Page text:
80s Cell Phones
Cell phones are a necessary item for many people today, even replacing the home phone altogether.
The convenience and sense of security offered by cell phones is unbeatable.
You no longer have to stay home to receive an important call and if your car breaks down, you can call for help.
Almost everyone carries this technology nowadays, but it all started with innovative 80s cell phones.
Before the tiny cell phones of today, the only options were the car phone and the bag phone. The car phone had to be permanently installed in the console of the car, using a large battery pack that the hand piece was attached to with a cord.
The bag phone was a slightly smaller, more portable version of the car phone. This phone came with a carrying case and sometimes even a fashionable fanny pack that would hold the clunky battery.
Motorola - It took 10 years and $110 million to develop, but the Motorola DynaTAC 8000X—which stood for Dynamic Adaptive Total Area Coverage—started a technological revolution. Commonly referred to as the brick, this was truly the beginning of the completely portable phone with no cords or wires. It was also the first cell phone approved by the FCC and small enough to be portable.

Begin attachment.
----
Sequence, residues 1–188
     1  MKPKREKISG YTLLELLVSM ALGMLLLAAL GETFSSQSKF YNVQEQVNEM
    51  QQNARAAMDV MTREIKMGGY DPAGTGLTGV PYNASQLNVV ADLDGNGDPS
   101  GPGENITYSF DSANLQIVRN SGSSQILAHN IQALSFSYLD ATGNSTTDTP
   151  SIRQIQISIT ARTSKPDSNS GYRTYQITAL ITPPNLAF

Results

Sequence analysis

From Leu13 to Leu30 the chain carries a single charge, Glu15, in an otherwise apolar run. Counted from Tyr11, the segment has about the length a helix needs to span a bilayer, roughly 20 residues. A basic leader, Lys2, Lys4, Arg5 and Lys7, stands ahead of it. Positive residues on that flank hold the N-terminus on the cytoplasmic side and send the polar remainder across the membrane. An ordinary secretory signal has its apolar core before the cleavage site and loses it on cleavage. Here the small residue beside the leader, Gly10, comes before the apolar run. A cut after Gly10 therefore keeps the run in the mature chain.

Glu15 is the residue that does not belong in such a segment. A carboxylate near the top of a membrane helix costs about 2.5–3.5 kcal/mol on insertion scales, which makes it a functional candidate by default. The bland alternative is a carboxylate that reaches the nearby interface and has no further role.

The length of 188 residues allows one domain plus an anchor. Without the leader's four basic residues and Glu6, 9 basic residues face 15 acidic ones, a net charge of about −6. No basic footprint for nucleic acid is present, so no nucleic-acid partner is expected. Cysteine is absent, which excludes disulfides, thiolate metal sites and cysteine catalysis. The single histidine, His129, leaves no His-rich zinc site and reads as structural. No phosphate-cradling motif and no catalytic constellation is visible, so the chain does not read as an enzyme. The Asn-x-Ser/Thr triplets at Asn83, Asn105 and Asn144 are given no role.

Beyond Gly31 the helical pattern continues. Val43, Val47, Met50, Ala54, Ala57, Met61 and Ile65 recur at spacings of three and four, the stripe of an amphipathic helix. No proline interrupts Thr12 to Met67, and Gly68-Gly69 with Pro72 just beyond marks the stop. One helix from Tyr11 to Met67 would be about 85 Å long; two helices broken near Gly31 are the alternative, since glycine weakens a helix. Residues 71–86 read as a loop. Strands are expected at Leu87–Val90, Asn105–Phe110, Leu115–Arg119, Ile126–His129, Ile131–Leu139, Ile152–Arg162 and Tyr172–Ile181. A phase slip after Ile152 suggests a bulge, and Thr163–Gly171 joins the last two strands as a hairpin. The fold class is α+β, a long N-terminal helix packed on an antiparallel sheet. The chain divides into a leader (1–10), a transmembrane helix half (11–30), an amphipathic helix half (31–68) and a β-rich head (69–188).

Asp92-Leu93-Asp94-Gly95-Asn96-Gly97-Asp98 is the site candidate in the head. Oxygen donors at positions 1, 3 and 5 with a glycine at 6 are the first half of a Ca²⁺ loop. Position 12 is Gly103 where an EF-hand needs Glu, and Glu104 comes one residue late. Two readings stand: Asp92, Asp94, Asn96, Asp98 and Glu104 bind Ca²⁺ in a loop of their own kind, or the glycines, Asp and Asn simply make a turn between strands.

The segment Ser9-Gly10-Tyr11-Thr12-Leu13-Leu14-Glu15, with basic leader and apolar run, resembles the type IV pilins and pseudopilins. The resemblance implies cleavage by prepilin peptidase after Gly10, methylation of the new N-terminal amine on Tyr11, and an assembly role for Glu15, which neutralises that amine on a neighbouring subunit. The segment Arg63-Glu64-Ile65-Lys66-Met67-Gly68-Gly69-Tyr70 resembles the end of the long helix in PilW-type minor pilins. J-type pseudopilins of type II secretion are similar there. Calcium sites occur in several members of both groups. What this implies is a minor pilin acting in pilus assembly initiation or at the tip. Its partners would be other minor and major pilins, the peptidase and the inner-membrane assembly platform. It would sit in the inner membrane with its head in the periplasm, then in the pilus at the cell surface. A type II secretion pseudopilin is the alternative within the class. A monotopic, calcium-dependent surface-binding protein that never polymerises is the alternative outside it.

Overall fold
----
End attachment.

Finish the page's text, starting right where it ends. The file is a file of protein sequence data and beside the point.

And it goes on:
Unlike today’s cell phones, this phone came in only three color combinations — dark grey, tan and grey, and tan and white. However, if you wanted this technology you had to be prepared to shell out $3,995 for it.
In 1989, Motorola made history again with the MicroTAC 9800X. This was the smallest, lightest phone on the market at the time. It was essentially the first flip phone, and came with a hefty price tag of anywhere between $2,500 and $3,500, depending on where in the country you lived.
In 1984, Nokia gave us the Mobria Talkman, which was one of the first of its kind, weighing a mere 11 pounds. It had a giant battery pack that connected to the hand piece with a cord. It was still technically a mobile phone, but it took a lot of lugging.
In 1987, the more well received—and lighter, weighing in at just under two pounds and with no cord—Nokia Cityman hit the market.
Not only were the phones expensive—even by today’s standards—but you would also be charged 45 cents per minute for your call. If your call was long distance, it was an additional 25 cents per minute. There was also a monthly fee of $40 to $50 for the service, which didn’t include any minutes.
The decade of the 80s saw some big changes in technology. They may have been big and bulky, but 80s cell phones were the start of the indispensible phones of the future.